Here’s a very interesting article by Robert Picard on how little value journalists actually create.
Some who bemoan the coming bankruptcy of the newspaper industry claim that journalists provide an invaluable service in uncovering corruption and acting as watchdog of public officials for the public.
If that was ever true, it hasn’t been true for a long time. Investigative reporting on anything that actually matters is a microscopic part of what newspapers and journalists do, and as the article notes, most journalists spend their time producing material that offers extremely little that can’t be found in many other places for free. (Also note Picard’s nice use of the subjective theory of value.)
Although he didn’t, Picard could have included a note on how the management is just as hopeless on this as is the rank-and-file reporter. Dean Singleton is probably the poster boy for aging, out-of-touch newspaper executives who think that the key to newspaper success is to simply start charging readers to read online content. Singleton wants to charge for the the same, valueless content that Picard describes, but Singleton thinks people are just dying to read it.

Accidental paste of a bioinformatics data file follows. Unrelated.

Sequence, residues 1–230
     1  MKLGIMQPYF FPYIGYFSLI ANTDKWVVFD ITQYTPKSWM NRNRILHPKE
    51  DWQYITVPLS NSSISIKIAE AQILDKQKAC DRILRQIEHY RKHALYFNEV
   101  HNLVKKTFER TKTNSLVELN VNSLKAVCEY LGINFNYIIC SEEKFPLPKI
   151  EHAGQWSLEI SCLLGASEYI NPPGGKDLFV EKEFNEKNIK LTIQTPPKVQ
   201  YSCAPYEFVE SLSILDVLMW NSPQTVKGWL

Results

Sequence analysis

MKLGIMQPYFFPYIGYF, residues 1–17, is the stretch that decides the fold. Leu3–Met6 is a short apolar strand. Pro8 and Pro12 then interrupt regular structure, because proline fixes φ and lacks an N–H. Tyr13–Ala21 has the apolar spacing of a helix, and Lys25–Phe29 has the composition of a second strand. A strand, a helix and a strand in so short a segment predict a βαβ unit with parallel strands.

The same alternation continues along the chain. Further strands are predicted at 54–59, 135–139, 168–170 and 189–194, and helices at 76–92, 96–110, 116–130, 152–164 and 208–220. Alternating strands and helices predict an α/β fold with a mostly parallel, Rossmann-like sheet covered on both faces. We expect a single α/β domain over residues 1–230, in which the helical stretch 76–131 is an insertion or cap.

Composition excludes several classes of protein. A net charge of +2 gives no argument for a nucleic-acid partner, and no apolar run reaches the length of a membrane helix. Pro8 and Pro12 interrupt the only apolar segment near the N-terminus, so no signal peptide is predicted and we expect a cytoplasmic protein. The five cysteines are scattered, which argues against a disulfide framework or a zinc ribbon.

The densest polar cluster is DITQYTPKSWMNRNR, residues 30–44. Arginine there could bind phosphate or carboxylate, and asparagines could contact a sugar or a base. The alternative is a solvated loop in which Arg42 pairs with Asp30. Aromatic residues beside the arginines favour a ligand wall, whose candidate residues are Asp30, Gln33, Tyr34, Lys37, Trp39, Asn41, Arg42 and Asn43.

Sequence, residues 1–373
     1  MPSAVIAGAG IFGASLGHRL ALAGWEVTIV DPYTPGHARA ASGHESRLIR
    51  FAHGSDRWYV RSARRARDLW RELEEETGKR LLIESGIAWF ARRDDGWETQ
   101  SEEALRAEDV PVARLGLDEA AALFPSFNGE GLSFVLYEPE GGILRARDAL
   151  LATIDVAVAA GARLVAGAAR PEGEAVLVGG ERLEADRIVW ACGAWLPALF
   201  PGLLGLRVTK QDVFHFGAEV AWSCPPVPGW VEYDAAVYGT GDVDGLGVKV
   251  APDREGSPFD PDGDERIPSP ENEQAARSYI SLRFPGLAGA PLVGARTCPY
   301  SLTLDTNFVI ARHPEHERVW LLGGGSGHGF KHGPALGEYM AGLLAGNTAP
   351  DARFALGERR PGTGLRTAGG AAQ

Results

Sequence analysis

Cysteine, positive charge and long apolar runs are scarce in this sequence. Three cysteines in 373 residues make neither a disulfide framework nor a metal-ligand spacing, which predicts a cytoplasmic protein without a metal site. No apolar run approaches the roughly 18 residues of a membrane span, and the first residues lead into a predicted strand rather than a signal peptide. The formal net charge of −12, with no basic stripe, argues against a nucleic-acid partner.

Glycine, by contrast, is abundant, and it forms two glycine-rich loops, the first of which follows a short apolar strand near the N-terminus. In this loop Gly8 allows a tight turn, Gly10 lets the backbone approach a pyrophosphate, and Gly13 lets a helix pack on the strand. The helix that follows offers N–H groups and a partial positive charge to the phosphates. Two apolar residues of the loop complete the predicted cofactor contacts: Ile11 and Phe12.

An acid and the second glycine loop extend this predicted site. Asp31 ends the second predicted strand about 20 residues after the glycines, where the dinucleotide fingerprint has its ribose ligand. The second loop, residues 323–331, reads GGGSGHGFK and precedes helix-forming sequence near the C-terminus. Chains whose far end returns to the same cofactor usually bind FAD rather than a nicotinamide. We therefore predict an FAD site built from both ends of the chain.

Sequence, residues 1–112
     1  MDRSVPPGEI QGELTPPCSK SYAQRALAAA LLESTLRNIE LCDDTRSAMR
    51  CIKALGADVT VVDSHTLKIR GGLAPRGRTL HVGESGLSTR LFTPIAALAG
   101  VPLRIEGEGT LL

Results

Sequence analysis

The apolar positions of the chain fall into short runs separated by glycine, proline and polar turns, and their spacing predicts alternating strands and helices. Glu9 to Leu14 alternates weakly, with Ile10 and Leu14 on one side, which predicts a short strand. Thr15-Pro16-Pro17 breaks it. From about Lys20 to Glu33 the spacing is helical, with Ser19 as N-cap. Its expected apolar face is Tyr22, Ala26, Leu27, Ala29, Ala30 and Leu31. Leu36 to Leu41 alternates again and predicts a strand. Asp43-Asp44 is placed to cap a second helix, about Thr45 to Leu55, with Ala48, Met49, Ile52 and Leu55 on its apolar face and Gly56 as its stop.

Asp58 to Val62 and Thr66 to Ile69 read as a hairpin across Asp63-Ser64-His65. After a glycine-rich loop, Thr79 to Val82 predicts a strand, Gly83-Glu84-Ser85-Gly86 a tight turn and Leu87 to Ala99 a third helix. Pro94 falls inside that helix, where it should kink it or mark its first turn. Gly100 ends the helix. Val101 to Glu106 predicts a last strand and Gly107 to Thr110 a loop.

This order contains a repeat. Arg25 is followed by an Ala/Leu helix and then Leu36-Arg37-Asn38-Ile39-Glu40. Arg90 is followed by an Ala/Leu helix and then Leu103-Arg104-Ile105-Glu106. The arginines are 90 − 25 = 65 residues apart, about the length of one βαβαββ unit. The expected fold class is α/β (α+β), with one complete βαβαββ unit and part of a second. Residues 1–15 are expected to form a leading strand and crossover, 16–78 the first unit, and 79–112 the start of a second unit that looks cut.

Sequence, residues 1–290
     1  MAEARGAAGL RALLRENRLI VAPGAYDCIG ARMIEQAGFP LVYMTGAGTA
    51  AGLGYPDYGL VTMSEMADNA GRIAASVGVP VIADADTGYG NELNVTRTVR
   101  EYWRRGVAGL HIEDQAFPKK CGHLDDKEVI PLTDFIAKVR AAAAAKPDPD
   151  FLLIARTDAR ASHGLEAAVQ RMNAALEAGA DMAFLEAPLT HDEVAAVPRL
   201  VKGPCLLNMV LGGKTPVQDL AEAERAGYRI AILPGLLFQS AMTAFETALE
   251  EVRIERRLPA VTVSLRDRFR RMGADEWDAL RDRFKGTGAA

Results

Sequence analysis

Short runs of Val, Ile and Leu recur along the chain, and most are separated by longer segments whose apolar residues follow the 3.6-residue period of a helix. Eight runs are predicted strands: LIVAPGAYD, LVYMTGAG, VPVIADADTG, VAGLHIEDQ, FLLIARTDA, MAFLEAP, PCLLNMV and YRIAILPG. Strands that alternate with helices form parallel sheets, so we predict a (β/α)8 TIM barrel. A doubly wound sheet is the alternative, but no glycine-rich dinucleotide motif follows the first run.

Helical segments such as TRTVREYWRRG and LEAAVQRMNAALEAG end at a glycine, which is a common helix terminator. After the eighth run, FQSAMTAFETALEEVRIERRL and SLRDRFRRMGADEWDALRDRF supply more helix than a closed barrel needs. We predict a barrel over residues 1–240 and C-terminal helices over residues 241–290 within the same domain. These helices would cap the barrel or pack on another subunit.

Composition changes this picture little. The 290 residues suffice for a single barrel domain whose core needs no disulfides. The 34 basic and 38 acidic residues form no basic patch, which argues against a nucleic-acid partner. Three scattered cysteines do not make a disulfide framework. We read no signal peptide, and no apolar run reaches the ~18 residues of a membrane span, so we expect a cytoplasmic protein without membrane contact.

Indeed, Singleton (who is on the Associated Press Board of Directors) recently went on a rant against Google for being too efficient a news aggregator (that’s the newspaper’s job!), and said he was going to make sure that the freeloading public will pay, pay, pay.
The whole affair only displays Singleton’s deep, deep ignorance of how content is used on the internet, and Picard’s look at just how mundane, standardized, and interchangable most news content has become, really illustrates just how impossible it will be for Singleton to control the content he thinks he can keep safe and sound behind a wall.
[Clay Shirky has also provided a nice examination of why news content cannot be contained behind pay walls]
Amazingly, Singleton has also announced that the Denver Post will now demand payment to view its online stories. This won’t make the Post profitable, but it will ensure that the Post becomes irrelevant to the educated public.